Lucy and I attended most of the Memorial Service. Lucy was disappointed she didn't get to meet Prince William and that she wasn't on tv. Here were my impressions of the service, if you didn't get to make it along.
A lot of people went! For all the negative chat beforehand, when our bus pulled up, it was already three-quarters full and everyone was going to the service. I felt a little underdressed in my jeans and sweatshirt. Women were dressed in skirts or smart trousers and men were wearing shirts. This was not another concert in the park, it was a memorial service.
Once off the bus we walked into the park. As we approached the Park Terrace corner of North Hagley park, we heard a bellow, at first Lucy thought was an elephant but then over the loud speakers came "Toia Mai Te Waka". This song is about pulling your canoe up and is often used in powhiri to welcome guests. I found it surprisingly reassuring. The voices rang out so strongly of a people that in the past have lost many more whanau to the arrival of such things as infectious diseases and fought much bigger battles, than what our city was currently facing. They were still singing out strongly after all these years and Christchurch will too.
Before the service started, they showed the fourteen minute video of the severely damaged central city. Everyone was quiet. It was eerie to sit in such a large crowd in silence for that length of time. People got really irritable if anyone broke the silence, I still haven't quite figured out why.
The organisers had billed this event as a family event but unfortunately for us the video wasn't so great. Lucy hadn't seen too many images since walking out of the CBD on the 22nd. The video reminded her of that day. Her behaviour went downhill after that. She became belligerent and rude. Later we talked that perhaps it is better to cry than to misbehave. I guess the kids feel emotions and then don't know what to do with them.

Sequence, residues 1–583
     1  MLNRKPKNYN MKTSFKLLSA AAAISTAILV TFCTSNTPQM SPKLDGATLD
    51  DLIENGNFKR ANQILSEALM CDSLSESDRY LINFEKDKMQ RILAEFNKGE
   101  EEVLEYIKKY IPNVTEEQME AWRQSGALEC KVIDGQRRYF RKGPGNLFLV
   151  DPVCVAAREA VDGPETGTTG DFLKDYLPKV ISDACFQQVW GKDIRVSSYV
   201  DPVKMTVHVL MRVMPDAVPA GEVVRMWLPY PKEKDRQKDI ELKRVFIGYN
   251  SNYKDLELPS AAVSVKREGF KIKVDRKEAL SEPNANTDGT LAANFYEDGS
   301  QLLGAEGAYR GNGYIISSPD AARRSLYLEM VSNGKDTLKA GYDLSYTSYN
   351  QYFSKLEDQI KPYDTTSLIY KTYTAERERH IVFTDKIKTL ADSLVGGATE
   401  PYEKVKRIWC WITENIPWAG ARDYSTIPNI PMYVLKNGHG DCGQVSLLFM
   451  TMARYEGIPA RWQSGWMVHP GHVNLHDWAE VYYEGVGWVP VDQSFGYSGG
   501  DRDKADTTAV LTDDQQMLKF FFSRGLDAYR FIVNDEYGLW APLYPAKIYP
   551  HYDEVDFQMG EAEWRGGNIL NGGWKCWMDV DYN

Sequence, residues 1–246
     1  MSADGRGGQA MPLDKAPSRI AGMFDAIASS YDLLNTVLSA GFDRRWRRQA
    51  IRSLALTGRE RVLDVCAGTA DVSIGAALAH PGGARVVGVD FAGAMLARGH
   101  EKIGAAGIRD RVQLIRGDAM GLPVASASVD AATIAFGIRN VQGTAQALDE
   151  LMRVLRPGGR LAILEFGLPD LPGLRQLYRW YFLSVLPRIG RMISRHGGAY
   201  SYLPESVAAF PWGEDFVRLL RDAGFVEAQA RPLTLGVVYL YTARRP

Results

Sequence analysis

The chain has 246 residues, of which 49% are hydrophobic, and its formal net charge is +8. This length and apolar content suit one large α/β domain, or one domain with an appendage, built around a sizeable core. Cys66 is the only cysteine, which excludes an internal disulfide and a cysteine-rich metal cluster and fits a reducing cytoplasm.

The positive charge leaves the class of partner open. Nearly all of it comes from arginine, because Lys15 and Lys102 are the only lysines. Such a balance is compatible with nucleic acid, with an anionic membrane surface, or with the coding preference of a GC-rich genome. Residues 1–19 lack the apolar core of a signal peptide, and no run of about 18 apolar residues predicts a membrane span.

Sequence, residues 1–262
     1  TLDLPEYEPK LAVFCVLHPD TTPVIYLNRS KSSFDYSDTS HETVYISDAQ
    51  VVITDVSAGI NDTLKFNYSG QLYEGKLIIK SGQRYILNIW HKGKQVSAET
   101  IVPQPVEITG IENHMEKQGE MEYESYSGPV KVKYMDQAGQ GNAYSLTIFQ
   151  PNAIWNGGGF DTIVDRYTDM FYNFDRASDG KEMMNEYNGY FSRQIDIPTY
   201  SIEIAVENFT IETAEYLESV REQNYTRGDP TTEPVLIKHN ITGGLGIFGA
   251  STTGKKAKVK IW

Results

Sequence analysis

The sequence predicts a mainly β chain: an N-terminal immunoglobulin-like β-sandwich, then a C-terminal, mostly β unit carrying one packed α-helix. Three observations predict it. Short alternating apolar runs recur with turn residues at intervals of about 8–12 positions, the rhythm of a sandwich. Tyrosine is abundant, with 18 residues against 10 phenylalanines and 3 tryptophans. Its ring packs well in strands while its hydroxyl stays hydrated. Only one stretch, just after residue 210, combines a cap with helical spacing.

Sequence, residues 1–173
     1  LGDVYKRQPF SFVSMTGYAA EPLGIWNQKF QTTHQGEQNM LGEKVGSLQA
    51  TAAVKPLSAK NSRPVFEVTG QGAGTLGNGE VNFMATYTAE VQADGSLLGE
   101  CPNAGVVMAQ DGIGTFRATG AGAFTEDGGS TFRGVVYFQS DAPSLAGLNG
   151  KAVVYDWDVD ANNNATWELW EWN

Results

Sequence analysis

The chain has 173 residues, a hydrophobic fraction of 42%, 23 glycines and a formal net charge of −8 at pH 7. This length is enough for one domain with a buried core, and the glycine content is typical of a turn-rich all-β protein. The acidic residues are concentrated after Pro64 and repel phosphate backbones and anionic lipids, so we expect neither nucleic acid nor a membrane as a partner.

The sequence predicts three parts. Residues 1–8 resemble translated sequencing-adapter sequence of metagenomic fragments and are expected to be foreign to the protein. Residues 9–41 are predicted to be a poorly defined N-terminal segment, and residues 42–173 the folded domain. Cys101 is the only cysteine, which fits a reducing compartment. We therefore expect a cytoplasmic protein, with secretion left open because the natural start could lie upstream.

One of the musical acts was Dave Dobbyn singing Loyal. Whatever you think of the song, I found it sad at the service. Only a few months ago we had Band Together in this same park. Everyone was laughing, talking, singing along and eating hot dogs. At the service, everyone just sat in silence until he finished playing. How much the mood of the city had changed in just five months.
There were many different religions represented in the service but there were more Christian traditions. After all it is New Zealand's background and often how we mourn. The Lord's prayer was said. I thought so many people all mumbling the Lord's Prayer in low voices, was a little like the hum of an approaching aftershock. Everyone gathered together made that sound.
We were under a clear blue sky and a very hot sun. I couldn't help but look around the crowd and wonder if everyone had sun cream on. In the wake of such a big change in the city, little things like sun cream can seem trivial but how much skin damage happened that day, that could lead to melanoma? Sometimes the world can seem a very cruel place.
Lucy and I left early and walked back into the Botanical Gardens. A couple asked if I could take their photo in front of some of the trees, just starting to show autumn colours. It was a lovely shot of a happy couple surrounded by the beauty of nature.
Many of the world's cities are near or on faultlines because they offer us so much - beautiful, rugged mountain scenery that I love and groovey stuff like gold. Apparently someone has worked out that on balance, the benefits for humans living near faultlines outweighs the nasty earthquakes. Sometimes it just takes awhile to see the beauty again.
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